Alumna facilitates local climate change solutions as Boulder mayor
Suzanne “Zan” Jones grew up in a blue-collar neighborhood in Kansas City, but her family spent their summers hiking Colorado’s high peaks and swimming her whitewater rivers. The combination of childhood experiences in the inner city and the western wild catalyzed her desire to pursue a career that couples environmental advocacy with public service.
After nearly 20 years with the National Wildlife Federation and the Wilderness Society, Jones decided to run for office. She first earned a seat on the Boulder City Council, and then was elected mayor. “My primary motivation to run for local elected office was a realization that, because of a lack of national leadership, it was up to cities to craft and push for solutions to address climate change,” Jones says.
Throughout her career, Jones has helped craft, adopt, or put on the ballot some of the most progressive local policies and programs in the country, including: the nation’s first carbon tax on energy usage, an aggressive climate action plan aimed at reducing greenhouse gas emissions 80% by 2050, innovative multi-modal transportation solutions, a universal Zero Waste ordinance requiring recycling and composting by all residences, businesses, and institutions in Boulder, and more — all while wrestling with important social issues such as housing affordability, livable wages, homelessness, and inclusiveness.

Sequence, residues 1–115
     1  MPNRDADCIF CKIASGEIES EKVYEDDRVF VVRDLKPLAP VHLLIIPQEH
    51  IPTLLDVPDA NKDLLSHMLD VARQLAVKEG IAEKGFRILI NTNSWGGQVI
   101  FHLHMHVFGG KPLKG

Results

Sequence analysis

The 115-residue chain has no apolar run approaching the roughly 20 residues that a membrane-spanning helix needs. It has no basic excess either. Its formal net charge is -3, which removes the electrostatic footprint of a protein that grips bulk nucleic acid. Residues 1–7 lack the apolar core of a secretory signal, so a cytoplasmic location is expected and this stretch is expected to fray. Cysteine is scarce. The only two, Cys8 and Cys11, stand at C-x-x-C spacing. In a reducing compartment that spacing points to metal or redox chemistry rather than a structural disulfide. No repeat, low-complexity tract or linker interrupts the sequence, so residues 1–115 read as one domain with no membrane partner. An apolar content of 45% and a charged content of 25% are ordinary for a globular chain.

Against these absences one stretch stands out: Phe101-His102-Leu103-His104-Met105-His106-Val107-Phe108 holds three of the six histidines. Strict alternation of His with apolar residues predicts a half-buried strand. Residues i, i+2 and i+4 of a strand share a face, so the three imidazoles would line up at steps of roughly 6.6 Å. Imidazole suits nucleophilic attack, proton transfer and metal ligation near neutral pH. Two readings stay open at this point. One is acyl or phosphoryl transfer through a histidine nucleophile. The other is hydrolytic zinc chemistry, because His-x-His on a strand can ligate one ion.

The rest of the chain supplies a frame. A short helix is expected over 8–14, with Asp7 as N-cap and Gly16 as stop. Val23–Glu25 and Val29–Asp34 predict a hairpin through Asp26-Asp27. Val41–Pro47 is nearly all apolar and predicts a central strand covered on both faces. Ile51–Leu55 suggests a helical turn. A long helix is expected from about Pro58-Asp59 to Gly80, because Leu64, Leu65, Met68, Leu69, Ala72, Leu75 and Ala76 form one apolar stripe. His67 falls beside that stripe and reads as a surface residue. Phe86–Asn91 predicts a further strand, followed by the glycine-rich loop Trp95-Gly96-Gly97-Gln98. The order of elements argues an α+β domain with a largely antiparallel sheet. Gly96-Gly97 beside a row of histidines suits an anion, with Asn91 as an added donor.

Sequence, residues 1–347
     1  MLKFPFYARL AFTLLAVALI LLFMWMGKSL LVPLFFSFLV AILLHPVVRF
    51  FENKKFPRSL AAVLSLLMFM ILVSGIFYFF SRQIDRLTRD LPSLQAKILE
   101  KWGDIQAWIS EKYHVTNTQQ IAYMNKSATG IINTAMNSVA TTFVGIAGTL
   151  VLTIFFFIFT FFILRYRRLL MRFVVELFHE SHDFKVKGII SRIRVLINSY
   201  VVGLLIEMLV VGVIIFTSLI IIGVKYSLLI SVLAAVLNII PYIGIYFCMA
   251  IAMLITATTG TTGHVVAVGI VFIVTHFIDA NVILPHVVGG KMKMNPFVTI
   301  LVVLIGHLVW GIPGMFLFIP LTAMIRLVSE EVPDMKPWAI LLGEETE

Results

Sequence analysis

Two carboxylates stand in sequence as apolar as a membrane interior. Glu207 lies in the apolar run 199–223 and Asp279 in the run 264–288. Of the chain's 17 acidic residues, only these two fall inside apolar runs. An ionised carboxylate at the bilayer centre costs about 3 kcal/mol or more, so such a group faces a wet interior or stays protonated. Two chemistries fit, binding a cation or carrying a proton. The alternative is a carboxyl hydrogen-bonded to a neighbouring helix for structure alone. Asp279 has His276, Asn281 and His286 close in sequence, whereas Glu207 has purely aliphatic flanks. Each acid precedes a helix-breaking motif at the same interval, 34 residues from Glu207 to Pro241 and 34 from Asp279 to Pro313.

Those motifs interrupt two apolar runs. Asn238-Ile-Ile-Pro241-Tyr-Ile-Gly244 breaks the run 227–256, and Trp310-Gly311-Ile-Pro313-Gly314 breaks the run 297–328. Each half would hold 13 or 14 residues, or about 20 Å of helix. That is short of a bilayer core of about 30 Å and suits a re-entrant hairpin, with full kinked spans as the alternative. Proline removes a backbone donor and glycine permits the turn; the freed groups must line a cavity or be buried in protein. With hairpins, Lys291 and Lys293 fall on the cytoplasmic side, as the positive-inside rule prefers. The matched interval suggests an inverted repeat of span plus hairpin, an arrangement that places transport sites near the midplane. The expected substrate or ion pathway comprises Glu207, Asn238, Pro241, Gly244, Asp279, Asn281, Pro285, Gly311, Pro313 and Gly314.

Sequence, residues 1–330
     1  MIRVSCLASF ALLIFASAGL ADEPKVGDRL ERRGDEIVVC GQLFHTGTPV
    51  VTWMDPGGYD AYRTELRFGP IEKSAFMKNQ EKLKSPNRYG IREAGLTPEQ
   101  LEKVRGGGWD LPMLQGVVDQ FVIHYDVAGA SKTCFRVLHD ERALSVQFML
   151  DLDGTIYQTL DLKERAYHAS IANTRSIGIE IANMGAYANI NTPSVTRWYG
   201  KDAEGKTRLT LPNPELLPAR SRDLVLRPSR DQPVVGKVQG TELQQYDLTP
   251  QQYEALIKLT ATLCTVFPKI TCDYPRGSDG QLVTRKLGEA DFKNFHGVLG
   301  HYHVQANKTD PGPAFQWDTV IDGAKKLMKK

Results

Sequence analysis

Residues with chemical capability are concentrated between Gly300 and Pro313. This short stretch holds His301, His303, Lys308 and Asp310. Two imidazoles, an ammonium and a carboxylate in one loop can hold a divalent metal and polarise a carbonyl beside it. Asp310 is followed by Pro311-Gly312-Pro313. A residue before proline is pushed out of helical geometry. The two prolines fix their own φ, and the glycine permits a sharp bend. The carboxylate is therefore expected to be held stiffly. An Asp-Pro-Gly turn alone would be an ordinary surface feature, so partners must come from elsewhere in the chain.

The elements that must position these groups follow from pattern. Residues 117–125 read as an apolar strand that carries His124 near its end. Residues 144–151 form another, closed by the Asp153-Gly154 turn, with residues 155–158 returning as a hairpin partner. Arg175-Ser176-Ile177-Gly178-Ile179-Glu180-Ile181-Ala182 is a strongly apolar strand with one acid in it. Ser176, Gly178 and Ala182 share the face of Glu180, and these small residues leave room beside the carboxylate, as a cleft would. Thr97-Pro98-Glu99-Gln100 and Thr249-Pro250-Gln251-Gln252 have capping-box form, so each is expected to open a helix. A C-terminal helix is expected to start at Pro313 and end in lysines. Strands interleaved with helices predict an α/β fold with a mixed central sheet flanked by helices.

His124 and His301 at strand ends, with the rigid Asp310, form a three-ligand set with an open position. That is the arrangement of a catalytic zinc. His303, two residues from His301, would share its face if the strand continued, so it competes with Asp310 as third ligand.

Her mayorship provides only a nominal per-meeting stipend; for her day job, she runs Eco-Cycle, a community nonprofit that promotes and implements recycling, composting, and other Zero Waste solutions. “While most climate efforts are focused on smokestacks and tailpipes (i.e., energy and transportation), what goes into our trash cans (i.e., consumption) is the third leg of the climate stool,” comments Jones. “How we make, transport, and dispose of our food and ‘stuff’ creates 42% of our greenhouse gasses.”